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Text Linda de Jager
Photographs Strijdom van der Merwe
HOW IT ALL BEGAN
How did it come about that a scrambled note written on a serviette in a Starbucks Café in Washington, D.C., in 2013 ended up as, well, a message about water conservation written in the sand at Namtib Biosphere Reserve in 2016? In May 2019 Anni Snyman, PC Janse van Rensburg and a team of volunteers from the Site-Specific land art collective fine-tuned the last lines of the giant earth drawing of a desert horse at Klein Aus Vista. This message of intent recently evolved into yet another possible new chapter – as I made my way down a secluded gravel road to a breathtakingly beautiful house in the middle of the desert: an artist’s retreat in the making at Wolwedans. But more about the other outcomes later: drawings of a wild horse – and the realm of “dancing wolves”.
Back to the reality of a noisy Starbucks Café and the coffee-soaked serviette.
At the time the note simply said Strijdom – Namibia, it was just an intention written down, probably to combat the growing riot in my mind with something positive. I had (unfortunately) arrived in the United States at the time of the horrific Boston Marathon bombing, a terrorist attack on April 15th, 2013.
The peace and quiet of south-western Namibia at Namtib Biosphere Reserve – and the Tiras Mountains – were a long way from there, worlds apart in fact, and a far cry from the act of violence replayed a million times on the television screen in my miserably small hotel room.
In spite of the warning on the news – in the wake of the Boston bombing – that visitors should refrain from going to crowed tourism spots, I was hell-bent on visiting the famous Smithsonian Institution, in search of inspiration – in search of kindred spirits.
The National Museum of African Art is the US’s premiere museum dedicated exclusively to the collection, conservation, study and exhibition of Africa’s traditional and contemporary arts.
I was heading for the famous Independence Avenue at the Mall because one of my favourite South African artists, Strjidom van der Merwe, got the rare privilege of adorning the front pavement with his reflection on the theme:
“Earth matters,” The National Museum of African Art’s first major exhibition (Earth matters) of African Land Art coincided with my visit to the US.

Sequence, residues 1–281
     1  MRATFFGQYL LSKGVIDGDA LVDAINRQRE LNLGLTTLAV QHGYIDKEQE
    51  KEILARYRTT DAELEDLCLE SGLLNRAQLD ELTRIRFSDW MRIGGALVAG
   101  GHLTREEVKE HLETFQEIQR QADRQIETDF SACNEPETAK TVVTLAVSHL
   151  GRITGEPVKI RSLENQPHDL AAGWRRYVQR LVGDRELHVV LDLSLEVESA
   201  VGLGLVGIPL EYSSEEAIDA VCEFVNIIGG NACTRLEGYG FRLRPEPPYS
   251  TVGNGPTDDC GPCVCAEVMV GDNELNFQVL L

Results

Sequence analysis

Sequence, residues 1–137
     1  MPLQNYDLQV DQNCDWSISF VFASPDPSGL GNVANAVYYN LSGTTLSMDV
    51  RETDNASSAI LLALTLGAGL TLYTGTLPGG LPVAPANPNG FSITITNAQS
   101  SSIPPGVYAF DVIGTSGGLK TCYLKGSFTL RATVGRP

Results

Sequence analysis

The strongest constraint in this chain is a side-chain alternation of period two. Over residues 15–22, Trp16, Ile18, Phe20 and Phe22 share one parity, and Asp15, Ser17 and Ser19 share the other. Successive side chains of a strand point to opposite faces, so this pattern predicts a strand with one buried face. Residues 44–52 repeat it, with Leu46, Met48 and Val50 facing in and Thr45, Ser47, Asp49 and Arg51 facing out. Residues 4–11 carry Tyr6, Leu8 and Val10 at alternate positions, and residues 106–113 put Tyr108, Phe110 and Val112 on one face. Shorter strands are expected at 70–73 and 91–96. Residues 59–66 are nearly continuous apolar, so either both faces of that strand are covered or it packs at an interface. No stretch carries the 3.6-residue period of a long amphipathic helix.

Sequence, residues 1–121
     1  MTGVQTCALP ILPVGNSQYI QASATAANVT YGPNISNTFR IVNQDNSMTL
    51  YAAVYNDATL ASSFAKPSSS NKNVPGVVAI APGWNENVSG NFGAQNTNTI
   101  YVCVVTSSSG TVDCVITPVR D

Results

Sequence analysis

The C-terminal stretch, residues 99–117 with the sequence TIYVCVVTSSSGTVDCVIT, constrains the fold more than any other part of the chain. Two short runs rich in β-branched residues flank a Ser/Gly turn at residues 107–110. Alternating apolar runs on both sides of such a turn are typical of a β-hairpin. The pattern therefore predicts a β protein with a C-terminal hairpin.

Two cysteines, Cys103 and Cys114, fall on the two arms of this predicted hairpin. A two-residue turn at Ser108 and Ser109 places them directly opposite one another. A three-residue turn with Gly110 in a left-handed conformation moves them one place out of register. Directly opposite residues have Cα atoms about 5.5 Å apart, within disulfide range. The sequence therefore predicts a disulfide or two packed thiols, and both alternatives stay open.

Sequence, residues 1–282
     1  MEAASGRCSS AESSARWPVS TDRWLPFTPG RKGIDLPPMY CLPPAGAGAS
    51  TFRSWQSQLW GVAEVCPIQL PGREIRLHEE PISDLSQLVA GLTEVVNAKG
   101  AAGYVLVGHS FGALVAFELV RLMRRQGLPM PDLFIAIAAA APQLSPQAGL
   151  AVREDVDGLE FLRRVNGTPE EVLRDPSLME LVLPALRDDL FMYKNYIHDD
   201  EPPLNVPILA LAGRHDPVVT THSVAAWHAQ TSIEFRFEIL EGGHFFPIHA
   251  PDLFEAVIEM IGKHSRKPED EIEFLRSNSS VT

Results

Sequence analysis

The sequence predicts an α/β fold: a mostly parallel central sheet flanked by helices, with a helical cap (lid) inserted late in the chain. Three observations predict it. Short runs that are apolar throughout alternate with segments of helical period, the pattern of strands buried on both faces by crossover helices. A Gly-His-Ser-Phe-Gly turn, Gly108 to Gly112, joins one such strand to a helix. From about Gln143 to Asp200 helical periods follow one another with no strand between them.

Strjidom was born and raised on a farm on the South African Highveld. His early childhood, close to the land, also crystallised into an intense relationship with its forms and shapes.
Land art is an art form that has always resonated with me – evoking memories of my uncomplicated childhood in Namibia – forever seeing, chasing and tracing interesting shapes and messages in the rocks and sands, already at the age of four irresistibly drawn to the landscape’s inherent mysticism.
The exhibition was tipped as “the first major exhibition exploring the ways in which African artists and communities mediate their relationship with the land upon which they live, work and frame their days.”
Strijdom had the prime spot. It was a clear sign of the high international esteem in which his art is being held.
Soon I was there to ask Strjidom to explain his artwork to me – occupying the dimensions of a very small garden.
It had obvious aesthetic appeal, but it was difficult to figure out its meaning. How could ‘red pins’ on ‘grass’ fit in with the theme of this exhibition?
At the time, Strjidom shared the broader context of his unique artwork in the context of the theme. “The desire to mark and map the earth, thereby making it a place of your own, is a universal human urge. The world is a multiplex mosaic of cultural marks. If you have land you are rooted, you belong, and you are earthed. Once this privilege is taken away from you, you find yourself stranded in a no man’s land, you are uprooted and have become a nomad in search of your roots.”
What Strijdom came up with were the selections of images depicted in these photographs: thought-provoking reflections on water. While that is not always the case with land art, the images were also, well, very temporary. They only live on in these photos and multimedia images.
By the time I arrived back in my hotel room, in a no man’s land and feeling very much like a “nomad” myself – bombarded by more news on the real impact of the terrorist attack – an idea on the serviette took shape, and I recalled a morning not too long ago when I woke up on a campsite nestled in the Tiras mountains – dunes shimmering on the horizon. The sight left more than a lasting impression: I felt grounded because I was in the country of my birth.
Strijdom’s work would manifest itself well in the spacious Namibian landscape.
I realised that I wanted to do more than go back in search of my Namibian roots; that I wanted to celebrate the incredible gift of the peace my home country enjoyed, its open spaces, its conservation ethic and its dead-quiet nights (in the true sense of the meaning). My “celebration” started by simply connecting dots in my circle of talented artist friends – the stars on my skyline – to invite them to my home country to create land art, and to identify suitable hosts with open minds and open hearts, united in a love of nature.